Puerto Rico, a lush Caribbean island with a complex cultural history, has always had a deep-rooted connection with its native flora. From the indigenous Taíno people to the modern-day inhabitants, native plants have played a significant role in shaping Puerto Rican culture, traditions, and even spirituality. The unique relationship Puerto Ricans have with their native plants goes beyond mere aesthetics or ecological conservation—it is an integral aspect of their identity.
Spiritual and Medicinal Uses
The indigenous Taíno people of Puerto Rico had an extensive knowledge of the island’s flora, which they utilized for various purposes, including medicine and spiritual practices. Plants like the Ceiba tree held sacred status, believed to act as a bridge between the earthly realm and the spiritual world. Today, a modern resurgence in traditional herbal medicine has led to a renewed interest in the medicinal properties of native plants like the “moringa” (Moringa oleifera) and “anamu” (Petiveria alliacea), both used for their supposed health benefits.
Puerto Rican cuisine is a flavorful mix of indigenous, African, and Spanish influences, and native plants play a significant role in this culinary fusion. For example, the achiote (Bixa orellana) seeds are used for their red pigment, both as a food coloring and as a spice, mainly in dishes like “arroz con pollo” (chicken with rice) or to marinate meats. The leaves of the culantro plant (Eryngium foetidum), locally known as “recao,” are an essential ingredient in Puerto Rican “sofrito,” a sautéed mix of vegetables and spices that serves as the base for many dishes. Yautia (Xanthosoma) and malanga (Colocasia esculenta), both native to the island, are starchy tubers often used in soups, stews, and “alcapurrias,” a type of fried fritter.
Native plants like the coffee bush (Coffea arabica) have historically contributed to Puerto Rico’s economy. The island’s coffee, grown in the central mountainous region, is considered some of the finest in the world. Sugarcane, although not native, has also been an economic staple, but it is the native “guanabana” (soursop) and “parcha” (passionfruit) that have started to garner attention as boutique and specialty crops, valued both locally and for export.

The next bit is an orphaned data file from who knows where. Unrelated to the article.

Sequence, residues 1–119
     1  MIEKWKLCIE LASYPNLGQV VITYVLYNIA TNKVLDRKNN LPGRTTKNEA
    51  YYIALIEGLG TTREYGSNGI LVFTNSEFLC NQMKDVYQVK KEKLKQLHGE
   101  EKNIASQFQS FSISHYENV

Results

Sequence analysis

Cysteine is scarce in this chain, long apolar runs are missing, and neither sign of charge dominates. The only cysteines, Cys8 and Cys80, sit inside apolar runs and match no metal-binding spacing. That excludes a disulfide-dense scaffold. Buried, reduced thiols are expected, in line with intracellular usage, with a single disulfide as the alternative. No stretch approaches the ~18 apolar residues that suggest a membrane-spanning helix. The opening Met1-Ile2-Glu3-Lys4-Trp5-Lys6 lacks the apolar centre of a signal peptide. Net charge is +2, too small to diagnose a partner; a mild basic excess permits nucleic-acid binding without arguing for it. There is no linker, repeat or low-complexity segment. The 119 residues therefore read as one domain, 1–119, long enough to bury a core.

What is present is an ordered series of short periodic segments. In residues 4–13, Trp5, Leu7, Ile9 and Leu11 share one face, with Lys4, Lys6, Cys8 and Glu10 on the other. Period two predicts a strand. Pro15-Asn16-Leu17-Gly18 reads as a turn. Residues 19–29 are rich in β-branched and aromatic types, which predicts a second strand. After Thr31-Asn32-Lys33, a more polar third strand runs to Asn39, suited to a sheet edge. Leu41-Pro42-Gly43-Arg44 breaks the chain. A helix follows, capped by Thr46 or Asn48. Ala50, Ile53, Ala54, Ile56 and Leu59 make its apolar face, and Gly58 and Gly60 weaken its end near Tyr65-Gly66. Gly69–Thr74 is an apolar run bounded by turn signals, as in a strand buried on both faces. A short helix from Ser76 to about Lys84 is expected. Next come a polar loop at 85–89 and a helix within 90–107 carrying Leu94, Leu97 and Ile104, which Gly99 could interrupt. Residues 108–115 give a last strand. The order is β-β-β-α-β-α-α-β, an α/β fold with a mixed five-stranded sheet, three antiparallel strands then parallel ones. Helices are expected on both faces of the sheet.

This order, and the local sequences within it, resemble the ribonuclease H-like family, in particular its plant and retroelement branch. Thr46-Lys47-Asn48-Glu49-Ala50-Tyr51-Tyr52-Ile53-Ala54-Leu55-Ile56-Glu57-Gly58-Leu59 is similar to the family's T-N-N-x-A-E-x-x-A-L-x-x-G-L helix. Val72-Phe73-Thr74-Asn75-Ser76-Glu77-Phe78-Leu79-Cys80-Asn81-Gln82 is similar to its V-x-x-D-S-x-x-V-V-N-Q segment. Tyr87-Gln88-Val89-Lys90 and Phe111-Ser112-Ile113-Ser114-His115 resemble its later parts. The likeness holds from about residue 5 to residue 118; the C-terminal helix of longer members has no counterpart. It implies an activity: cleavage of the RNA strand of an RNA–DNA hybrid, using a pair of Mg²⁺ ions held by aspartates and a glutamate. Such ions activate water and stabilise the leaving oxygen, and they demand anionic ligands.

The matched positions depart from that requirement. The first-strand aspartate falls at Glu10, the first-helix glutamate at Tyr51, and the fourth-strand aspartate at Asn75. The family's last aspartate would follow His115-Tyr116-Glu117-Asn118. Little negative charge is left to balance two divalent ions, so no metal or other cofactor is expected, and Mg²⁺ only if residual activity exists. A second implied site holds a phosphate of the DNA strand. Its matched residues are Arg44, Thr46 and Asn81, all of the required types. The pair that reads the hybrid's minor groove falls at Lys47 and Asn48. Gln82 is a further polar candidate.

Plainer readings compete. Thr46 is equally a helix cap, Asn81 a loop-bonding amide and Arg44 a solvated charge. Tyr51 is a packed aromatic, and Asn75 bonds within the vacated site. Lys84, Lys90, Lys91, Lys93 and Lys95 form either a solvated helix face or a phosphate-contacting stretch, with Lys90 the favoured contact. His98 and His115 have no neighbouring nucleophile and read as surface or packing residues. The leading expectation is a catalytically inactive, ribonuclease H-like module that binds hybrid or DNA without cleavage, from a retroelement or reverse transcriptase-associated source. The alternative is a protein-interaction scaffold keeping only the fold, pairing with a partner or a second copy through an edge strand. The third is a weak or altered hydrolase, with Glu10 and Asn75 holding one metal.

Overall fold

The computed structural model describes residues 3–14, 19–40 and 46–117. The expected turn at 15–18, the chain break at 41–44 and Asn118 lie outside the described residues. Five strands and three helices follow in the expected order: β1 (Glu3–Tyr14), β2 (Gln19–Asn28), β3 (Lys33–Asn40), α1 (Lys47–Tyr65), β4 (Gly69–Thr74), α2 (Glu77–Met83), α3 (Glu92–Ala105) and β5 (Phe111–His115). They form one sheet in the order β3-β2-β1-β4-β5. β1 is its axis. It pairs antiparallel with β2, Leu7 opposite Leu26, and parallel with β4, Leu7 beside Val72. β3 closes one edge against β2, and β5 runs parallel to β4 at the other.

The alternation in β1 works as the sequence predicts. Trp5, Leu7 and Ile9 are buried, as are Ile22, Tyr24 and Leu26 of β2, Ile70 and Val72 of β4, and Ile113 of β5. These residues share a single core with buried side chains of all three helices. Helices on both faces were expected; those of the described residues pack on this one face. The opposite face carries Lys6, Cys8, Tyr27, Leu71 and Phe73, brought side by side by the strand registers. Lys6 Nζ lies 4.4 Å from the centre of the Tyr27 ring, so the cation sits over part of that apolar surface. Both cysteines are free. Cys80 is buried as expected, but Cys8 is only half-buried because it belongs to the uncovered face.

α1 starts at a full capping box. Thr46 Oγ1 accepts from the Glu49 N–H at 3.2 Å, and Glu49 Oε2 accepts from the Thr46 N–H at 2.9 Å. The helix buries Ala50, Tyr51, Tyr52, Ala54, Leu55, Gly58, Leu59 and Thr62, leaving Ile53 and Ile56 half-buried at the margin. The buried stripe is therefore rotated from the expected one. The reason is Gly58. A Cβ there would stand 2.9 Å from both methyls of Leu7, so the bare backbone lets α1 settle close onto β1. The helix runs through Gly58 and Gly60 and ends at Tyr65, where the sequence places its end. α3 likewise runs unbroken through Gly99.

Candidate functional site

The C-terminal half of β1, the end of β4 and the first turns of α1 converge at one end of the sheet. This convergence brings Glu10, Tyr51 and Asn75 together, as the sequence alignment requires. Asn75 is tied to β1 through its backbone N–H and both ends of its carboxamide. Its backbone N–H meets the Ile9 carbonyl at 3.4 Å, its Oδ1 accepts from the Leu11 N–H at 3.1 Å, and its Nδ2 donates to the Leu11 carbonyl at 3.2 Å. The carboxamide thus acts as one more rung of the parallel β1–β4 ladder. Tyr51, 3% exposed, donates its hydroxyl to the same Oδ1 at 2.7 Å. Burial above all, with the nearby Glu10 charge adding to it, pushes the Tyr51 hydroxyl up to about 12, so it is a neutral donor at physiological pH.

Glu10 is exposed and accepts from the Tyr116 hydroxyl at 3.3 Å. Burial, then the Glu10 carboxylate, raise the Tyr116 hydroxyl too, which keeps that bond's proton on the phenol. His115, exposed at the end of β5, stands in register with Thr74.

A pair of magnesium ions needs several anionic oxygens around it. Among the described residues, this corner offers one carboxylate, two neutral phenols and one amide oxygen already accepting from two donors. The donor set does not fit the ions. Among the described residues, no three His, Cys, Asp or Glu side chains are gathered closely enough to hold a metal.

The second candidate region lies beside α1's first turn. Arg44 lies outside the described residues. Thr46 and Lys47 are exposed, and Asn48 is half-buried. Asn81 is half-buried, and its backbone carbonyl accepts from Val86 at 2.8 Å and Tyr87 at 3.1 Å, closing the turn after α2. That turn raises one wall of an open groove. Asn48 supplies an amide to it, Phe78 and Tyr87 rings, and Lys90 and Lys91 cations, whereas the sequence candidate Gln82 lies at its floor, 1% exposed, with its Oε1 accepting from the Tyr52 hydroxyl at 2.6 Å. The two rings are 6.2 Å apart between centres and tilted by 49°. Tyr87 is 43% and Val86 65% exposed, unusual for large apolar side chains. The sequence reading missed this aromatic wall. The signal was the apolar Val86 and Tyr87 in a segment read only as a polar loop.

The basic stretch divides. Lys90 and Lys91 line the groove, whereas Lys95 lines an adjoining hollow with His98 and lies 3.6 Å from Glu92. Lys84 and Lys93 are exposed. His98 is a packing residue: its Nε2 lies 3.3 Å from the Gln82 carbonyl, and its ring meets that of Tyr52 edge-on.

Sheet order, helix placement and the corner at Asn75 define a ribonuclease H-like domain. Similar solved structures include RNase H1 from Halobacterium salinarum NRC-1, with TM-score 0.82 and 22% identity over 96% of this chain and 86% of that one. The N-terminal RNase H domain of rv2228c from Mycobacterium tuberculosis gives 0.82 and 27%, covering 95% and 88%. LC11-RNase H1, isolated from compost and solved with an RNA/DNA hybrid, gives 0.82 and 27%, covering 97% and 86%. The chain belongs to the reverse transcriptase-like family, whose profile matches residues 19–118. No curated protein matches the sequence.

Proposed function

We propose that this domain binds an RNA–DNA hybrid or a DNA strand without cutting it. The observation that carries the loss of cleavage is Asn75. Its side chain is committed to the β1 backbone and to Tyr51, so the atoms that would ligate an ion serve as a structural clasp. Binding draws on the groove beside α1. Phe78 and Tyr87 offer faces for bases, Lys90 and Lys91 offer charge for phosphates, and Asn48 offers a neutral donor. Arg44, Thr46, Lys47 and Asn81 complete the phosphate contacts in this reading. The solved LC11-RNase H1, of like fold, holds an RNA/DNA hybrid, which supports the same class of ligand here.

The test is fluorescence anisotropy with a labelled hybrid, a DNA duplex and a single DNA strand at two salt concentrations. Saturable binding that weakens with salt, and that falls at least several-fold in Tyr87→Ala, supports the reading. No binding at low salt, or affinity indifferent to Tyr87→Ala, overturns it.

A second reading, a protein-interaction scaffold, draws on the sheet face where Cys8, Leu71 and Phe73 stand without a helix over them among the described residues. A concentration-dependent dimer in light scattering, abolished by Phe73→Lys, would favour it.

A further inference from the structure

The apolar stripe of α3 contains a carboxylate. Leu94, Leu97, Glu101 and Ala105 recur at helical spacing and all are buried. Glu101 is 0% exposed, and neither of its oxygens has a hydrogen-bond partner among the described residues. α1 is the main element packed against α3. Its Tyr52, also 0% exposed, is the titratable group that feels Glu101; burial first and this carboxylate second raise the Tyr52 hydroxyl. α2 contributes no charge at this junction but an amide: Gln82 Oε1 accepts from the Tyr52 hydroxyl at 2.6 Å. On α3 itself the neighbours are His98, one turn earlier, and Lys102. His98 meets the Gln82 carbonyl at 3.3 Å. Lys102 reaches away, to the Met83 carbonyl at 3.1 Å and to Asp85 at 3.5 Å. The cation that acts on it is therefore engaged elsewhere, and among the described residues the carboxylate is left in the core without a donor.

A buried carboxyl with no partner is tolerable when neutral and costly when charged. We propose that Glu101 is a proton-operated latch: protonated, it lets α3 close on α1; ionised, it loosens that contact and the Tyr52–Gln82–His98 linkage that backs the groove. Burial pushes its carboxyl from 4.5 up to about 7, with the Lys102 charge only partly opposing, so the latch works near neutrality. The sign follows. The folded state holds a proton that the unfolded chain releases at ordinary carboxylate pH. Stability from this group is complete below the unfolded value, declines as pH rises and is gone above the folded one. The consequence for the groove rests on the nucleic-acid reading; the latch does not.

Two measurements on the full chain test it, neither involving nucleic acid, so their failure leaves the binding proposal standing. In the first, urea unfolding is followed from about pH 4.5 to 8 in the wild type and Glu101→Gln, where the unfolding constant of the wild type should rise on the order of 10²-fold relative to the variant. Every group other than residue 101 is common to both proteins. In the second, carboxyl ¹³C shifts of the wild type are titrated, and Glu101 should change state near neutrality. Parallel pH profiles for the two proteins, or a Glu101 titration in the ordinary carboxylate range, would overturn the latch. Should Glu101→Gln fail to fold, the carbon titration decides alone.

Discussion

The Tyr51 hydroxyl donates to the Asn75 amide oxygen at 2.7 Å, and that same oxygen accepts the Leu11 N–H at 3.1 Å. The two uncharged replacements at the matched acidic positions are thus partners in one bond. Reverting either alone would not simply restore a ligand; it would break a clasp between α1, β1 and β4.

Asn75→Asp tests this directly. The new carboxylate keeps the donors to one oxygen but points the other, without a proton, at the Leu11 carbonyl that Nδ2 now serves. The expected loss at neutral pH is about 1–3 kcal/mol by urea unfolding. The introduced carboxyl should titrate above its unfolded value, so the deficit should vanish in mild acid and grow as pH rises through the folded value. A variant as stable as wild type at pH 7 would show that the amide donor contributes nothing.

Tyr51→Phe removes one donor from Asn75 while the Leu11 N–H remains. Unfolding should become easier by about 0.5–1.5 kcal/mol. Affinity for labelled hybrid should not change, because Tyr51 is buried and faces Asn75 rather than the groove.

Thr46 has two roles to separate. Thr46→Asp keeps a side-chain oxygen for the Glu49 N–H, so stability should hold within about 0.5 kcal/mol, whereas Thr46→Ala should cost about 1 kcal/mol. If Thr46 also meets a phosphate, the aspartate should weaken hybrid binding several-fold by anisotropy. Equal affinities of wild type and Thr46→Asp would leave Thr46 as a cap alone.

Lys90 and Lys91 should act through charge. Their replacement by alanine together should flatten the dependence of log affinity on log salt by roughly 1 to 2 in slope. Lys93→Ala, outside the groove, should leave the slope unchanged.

Cultural Symbols and Folklore
Plants like the “flor de maga” (Thespesia grandiflora), Puerto Rico’s national flower, have transcended their botanical status to become cultural symbols. The maga tree is endemic to Puerto Rico, and its striking, hibiscus-like flowers are a source of national pride. Similarly, the Ceiba tree has not only spiritual significance but also serves as a living monument of history and folklore. Many communities across the island have old Ceiba trees in public squares or near churches, which act as gathering places and are often the subjects of local legends.
Understanding the importance of native plants in their culture has led many Puerto Ricans to become staunch advocates for environmental conservation. Campaigns to protect endangered species and efforts to reforest areas with native plants are gaining momentum. Nonprofits and community groups often collaborate in educational programs to promote the importance of native plants, both for their cultural value and their role in local ecosystems.
The modern movement toward sustainable living and organic farming has further solidified the role of native plants in Puerto Rican culture. Younger generations are rediscovering the knowledge held by their ancestors, learning to cultivate and use native plants for food, medicine, and sustainable living practices. Moreover, the aesthetic appeal of native plants, including ferns and orchids, is seeing a resurgence in popularity, as people seek to create gardens and living spaces that are uniquely Puerto Rican.
When it comes to houseplants and indoor trees, Puerto Rico boasts an abundant range of species that can brighten up any living space. The island’s tropical climate and diverse ecosystems are fertile grounds for lush vegetation, many of which have been popularized for indoor care around the world. Whether you’re a seasoned horticulturist or a plant care novice, these native Puerto Rican plants offer beauty, air-purification, and even historical significance.
Coccoloba uvifera, Sea Grape, Seagrape
Coccoloba uvifera (Sea Grape)
A coastal plant, the Coccoloba uvifera is adapted to sandy soils and salty winds. Its broad, round leaves turn a deep red when exposed to the sun. Historically, its grapes were an essential food source for the indigenous Taino people. As a house plant, it’s appreciated for its resilience and the unique grape-like clusters it produces.